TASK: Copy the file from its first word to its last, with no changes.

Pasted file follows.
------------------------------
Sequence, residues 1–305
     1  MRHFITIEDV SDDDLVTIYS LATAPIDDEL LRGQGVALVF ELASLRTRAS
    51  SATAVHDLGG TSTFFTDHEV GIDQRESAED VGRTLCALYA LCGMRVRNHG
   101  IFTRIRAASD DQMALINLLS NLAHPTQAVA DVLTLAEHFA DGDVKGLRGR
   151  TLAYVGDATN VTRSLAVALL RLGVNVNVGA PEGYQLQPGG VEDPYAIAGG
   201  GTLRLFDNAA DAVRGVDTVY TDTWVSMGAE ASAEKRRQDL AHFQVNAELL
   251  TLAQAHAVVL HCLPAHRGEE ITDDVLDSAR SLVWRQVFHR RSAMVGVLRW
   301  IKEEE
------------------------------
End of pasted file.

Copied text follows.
Sequence, residues 1–305
     1  MRHFITIEDV SDDDLVTIYS LATAPIDDEL LRGQGVALVF ELASLRTRAS
    51  SATAVHDLGG TSTFFTDHEV GIDQRESAED VGRTLCALYA LCGMRVRNHG
   101  IFTRIRAASD DQMALINLLS NLAHPTQAVA DVLTLAEHFA DGDVKGLRGR
   151  TLAYVGDATN VTRSLAVALL RLGVNVNVGA PEGYQLQPGG VEDPYAIAGG
   201  GTLRLFDNAA DAVRGVDTVY TDTWVSMGAE ASAEKRRQDL AHFQVNAELL
   251  TLAQAHAVVL HCLPAHRGEE ITDDVLDSAR SLVWRQVFHR RSAMVGVLRW
   301  IKEEE